3.1.4.20 Person Undertaking a Course of Rehabilitation

Summary

A person who is confined in a psychiatric institution because of criminal charges (but not convicted because of mental impairment) may be paid a social security payment during a period when the person is undertaking a 'course of rehabilitation'. This topic explains to whom the course of rehabilitation provision applies, what constitutes a course of rehabilitation and what evidence is required to determine whether a person is undertaking such a course.

Note: A person lawfully detained in a psychiatric institution while under sentence for conviction of an offence and is not on parole or licence is considered to be in 'gaol' and CANNOT be paid even during a period when the person may be undertaking a course of rehabilitation (see Federal Court case of Garden V Secretary of FaCS 2001).

Act reference: SSAct Part 3.13 Imprisonment, section 23(5) …a person is in gaol if…, section 23(8) Psychiatric confinement, section 23(9) The confinement of a person…, section 1158 Some social security payments not payable…

Policy reference: SS Guide 3.1.4.05 Payability During Periods in Gaol or Psychiatric Confinement, 3.1.4.10 Situations that Constitute Being in Gaol or Psychiatric Confinement

Person to whom a course of rehabilitation provision applies

The effect of SSAct subsection 23(9) is that section 1158(b) does not apply to a person who is confined in a psychiatric institution because of criminal charges (but not convicted) during a period when the person is undertaking a course of rehabilitation. The term psychiatric institution includes a psychiatric section of a hospital and any other place where 'persons with psychiatric disabilities' are confined.

The term 'persons with psychiatric disabilities' should not be narrowly interpreted as applying only to those people with psychiatric impairment such as depression, bipolar disorder or schizophrenia. Australian jurisdictions accept the 'unfit to plead/stand trial' construct in relation to people with these impairments and also in relation to people with intellectual disability, an acquired brain injury and any other impairments affecting mental health function in the broad sense.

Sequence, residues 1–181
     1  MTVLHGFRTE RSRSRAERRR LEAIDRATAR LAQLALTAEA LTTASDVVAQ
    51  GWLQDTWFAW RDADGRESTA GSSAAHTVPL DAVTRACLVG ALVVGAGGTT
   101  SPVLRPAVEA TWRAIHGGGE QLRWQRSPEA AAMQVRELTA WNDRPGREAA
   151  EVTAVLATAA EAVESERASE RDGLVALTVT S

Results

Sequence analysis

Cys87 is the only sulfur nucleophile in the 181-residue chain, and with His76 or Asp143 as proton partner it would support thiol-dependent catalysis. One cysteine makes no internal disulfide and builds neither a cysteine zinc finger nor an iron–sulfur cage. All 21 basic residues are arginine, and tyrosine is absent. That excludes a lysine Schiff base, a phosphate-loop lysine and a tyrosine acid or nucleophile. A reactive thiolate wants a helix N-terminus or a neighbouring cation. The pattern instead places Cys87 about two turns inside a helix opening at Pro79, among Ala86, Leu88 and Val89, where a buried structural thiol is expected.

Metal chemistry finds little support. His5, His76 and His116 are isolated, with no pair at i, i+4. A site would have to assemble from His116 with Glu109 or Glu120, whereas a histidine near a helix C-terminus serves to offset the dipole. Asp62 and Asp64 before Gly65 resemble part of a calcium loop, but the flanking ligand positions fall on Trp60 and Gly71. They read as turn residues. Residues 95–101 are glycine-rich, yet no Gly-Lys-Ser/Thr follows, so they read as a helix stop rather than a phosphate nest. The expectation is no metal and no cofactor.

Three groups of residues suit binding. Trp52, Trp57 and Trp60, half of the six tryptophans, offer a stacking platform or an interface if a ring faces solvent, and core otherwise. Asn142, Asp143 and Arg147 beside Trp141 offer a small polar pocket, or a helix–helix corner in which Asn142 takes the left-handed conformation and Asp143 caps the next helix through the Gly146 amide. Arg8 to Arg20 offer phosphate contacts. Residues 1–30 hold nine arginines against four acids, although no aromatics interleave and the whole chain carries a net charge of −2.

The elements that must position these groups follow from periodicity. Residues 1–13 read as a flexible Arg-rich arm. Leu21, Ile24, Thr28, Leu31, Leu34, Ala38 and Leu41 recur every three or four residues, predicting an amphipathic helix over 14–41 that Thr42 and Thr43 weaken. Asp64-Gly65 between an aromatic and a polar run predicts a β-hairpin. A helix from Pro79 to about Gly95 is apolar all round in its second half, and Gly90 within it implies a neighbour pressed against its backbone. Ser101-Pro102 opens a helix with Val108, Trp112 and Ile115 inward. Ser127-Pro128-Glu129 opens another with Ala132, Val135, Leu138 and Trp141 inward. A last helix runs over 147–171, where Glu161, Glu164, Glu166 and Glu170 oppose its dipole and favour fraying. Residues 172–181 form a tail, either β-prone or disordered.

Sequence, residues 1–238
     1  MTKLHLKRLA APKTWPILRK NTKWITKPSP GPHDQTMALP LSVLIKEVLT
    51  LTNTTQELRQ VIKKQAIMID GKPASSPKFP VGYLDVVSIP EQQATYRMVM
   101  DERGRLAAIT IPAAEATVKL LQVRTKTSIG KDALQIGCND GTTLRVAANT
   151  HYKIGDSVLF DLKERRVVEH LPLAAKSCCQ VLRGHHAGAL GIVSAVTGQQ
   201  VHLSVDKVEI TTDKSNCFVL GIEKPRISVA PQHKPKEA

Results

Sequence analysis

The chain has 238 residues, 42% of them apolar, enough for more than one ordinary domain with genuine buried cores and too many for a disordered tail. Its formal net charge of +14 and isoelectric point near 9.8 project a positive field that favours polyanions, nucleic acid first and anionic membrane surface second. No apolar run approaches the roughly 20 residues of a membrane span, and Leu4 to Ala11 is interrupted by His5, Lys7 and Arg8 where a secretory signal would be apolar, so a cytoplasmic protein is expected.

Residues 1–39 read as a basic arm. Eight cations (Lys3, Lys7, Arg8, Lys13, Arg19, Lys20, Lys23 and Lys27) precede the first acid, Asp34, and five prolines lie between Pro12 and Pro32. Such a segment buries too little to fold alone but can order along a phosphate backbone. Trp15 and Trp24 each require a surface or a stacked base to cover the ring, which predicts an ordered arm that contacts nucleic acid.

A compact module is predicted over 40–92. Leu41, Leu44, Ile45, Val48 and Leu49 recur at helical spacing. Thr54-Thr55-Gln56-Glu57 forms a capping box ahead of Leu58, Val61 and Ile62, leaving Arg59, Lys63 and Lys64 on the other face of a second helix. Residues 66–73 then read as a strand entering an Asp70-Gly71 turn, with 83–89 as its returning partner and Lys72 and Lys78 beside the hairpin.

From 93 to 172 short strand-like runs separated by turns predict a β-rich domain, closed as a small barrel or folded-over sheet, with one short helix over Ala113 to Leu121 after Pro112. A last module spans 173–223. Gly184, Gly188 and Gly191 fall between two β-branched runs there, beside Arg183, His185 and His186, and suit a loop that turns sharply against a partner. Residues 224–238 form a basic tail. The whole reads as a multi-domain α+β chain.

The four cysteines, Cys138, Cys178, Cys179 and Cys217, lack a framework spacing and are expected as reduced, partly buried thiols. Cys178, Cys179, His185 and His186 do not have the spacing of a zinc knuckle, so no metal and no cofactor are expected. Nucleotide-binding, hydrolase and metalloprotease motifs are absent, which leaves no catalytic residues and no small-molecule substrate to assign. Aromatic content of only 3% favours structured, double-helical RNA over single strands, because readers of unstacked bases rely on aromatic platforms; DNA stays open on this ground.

This means that the 'undertaking a course of rehabilitation' provision applies EQUALLY TO ANY PERSON confined in a psychiatric institution following a criminal charge who, because of mental impairment, is not fit to plea/stand trial, is found not guilty, is found guilty but no conviction is recorded and whose mental fitness to stand trial or be sentenced is being assessed. This rule applies REGARDLESS of whether the mental impairment is caused by a psychiatric illness, intellectual disability, an acquired brain injury or any other condition affecting mental health function.

Act reference: SSAct section 23(8) Phychiatric confinement

Meaning of a course of rehabilitation

For the purposes of SSAct subsection 23(9), a person is regarded as undertaking a course of rehabilitation when they are undertaking a planned series of activities that may include medical and other treatments/activities directed towards improving the person's physical, mental and/or social functioning.

If the person is merely undertaking ad hoc rehabilitation activities, or their treatments/activities cannot be said to be directed towards improving their physical, mental and/or social functioning, then SSAct subsection 23(9) does not apply and the bar on receipt of social security payments remains.

Refer to the Full Federal Court decision of Franks V Secretary of FaCS (2002) FCAFC 486 (20 December 2002).

However, in practice it will be unlikely for people placed in psychiatric institutions under legal mental health orders to be merely undertaking ad-hoc activities or treatments that are not designed to help their physical, mental or social rehabilitation. This is because as a rule (rather than an exception) people are being confined in psychiatric institutions for treatment and rehabilitation purposes and treatment plans are a norm in such institutions.

Acceptable treatments & activities

A person placed in a psychiatric institution may be undertaking any one of a number of treatments and activities that could form part of a planned series of activities.

Generally, any activity recommended by appropriate personnel in psychiatric institutions as part of an overall rehabilitation plan is a legitimate activity for the purpose of SSAct subsection 23(9) as long as it forms part of a planned series of activities.